Legal Acts are published in the Legal Gazette (Stjórnartíðindi), section A. The publication has been published in electronic form since 2005. All acts are also accessible on the Althingi’s homepage under the heading “Lagasafn” but as with the Legal Gazette they are only in Icelandic. Official and unofficial translations of certain Acts can be found on the webpages of the relevant ministries, accessible through this portal.

3.3 Regulatory Law

Frequently, statutory acts give the administration the authority to issue regulations. As sources of law, statutory acts prevail over regulations. Public executive regulations and directives are published in the Legal Gazette, section B (only in Icelandic). Official and unofficial translations of certain regulations can be found on the webpages of the relevant ministries, accessible through this portal.

3.4 Precedents

Being a civil law country, court practice in Iceland does not have the same authoritative role as in common law countries. The Supreme Court has no duty to follow its earlier decisions, and the district courts are not obligated to adhere to earlier decisions of the Supreme Court. However, in matters of legal uncertainty, the decisions of the Supreme Court have considerable authority for the disposition of future cases. In certain areas of law which did or do not have extensive statutory legislation, e.g., tort, the decisions of the Supreme Court are a source of law of central importance.

Since the beginning of the year 2006, the decisions of the district courts in Iceland have been published online (only in Icelandic) on the Judicial Councils (in Icelandic) webpage. The decisions of the Supreme Court are also published online on the Courts homepage (in Icelandic) and those of the Appeal Court (in Icelandic).

3.5 Customary Law

In Iceland, a custom can acquire the force of law, i.e. become a source of law. For instance, customary law has been an important source of law in Constitutional matters.

NOTE: Regarding the Icelandic codes online, the current codes can be found online on the Parliament website; however, many of the codes have been translated into English and are published on the webpage of the relevant ministries and are accessible through this portal – but that is only a small part of current codes. The latest printed version in Icelandic is from 2007.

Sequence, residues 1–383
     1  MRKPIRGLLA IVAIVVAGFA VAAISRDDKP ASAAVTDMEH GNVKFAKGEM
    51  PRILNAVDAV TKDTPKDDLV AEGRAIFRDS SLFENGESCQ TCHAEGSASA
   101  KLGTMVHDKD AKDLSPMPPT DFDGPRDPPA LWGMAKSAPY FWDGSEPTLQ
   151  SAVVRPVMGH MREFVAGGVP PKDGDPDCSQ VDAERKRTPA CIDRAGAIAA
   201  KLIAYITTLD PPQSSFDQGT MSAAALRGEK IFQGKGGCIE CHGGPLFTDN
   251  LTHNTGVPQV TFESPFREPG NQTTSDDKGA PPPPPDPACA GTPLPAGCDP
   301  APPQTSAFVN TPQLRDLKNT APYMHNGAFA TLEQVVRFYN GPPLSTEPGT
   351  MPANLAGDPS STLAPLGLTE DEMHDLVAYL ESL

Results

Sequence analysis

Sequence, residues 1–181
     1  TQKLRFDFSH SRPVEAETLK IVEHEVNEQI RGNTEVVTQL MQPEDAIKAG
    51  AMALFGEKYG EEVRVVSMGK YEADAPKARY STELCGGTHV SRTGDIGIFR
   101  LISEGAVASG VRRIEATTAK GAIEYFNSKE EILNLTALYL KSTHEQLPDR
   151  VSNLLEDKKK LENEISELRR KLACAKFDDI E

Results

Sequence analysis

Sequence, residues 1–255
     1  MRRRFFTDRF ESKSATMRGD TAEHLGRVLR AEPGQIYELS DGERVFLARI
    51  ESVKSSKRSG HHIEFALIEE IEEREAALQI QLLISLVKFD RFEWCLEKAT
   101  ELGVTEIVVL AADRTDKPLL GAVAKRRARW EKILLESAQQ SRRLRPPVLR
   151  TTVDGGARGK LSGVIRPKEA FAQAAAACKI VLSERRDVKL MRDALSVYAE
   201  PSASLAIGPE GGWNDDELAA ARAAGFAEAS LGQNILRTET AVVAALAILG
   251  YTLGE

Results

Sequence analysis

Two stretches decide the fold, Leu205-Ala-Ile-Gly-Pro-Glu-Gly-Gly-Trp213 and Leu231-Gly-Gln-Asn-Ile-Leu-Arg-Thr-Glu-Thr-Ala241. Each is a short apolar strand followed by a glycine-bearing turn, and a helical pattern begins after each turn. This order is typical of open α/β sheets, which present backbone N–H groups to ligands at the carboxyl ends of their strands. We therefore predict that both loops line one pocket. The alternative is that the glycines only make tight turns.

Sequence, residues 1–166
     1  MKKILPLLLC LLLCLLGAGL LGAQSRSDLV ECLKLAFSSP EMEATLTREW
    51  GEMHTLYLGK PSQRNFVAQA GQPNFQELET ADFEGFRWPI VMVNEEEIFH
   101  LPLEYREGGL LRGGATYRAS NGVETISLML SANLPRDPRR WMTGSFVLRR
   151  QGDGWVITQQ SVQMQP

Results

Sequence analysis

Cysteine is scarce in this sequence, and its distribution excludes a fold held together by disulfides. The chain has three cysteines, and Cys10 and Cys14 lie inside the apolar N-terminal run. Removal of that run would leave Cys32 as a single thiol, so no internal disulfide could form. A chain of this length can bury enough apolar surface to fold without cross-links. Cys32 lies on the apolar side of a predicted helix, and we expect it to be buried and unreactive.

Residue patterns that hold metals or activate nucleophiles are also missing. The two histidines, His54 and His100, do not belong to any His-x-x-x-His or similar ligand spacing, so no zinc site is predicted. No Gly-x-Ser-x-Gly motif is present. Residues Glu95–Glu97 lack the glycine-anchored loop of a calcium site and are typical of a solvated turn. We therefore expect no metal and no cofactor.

3.6 Tradition of Culture (in Icelandic Eðli máls)

Tradition of culturerefers to considerations of fairness, justice and feasibility as to needs of the society and resembles to some extent the legal term “equity”. Some commentators consider the use of this source of law as distinctive for Nordic legal traditions. In particular, when other sources of law have not been able to establish a rule of law, courts in Iceland have in some cases relied on Tradition of Culture.

3.7 Statements and Decisions by Administrative Authorities

In some areas of law statements by an administrative organ can carry considerable authority. For instance, in the area of administrative law, the statements of the parliament’s Ombudsman (in Icelandic Umboðsmaður Althingis) carry considerable authority. Similarly, in the area of tax law, the decisions of the Internal Revenue Board can carry considerable weight.

3.8 The EEA and its Effect on Icelandic Legislation

Iceland is a member of the European Economic Area (EEA). The Agreement on the EEA, which came into force in 1994, extends the single market of the European Union (EU) to three out of the four EFTA countries, namely Iceland, Norway and Liechtenstein.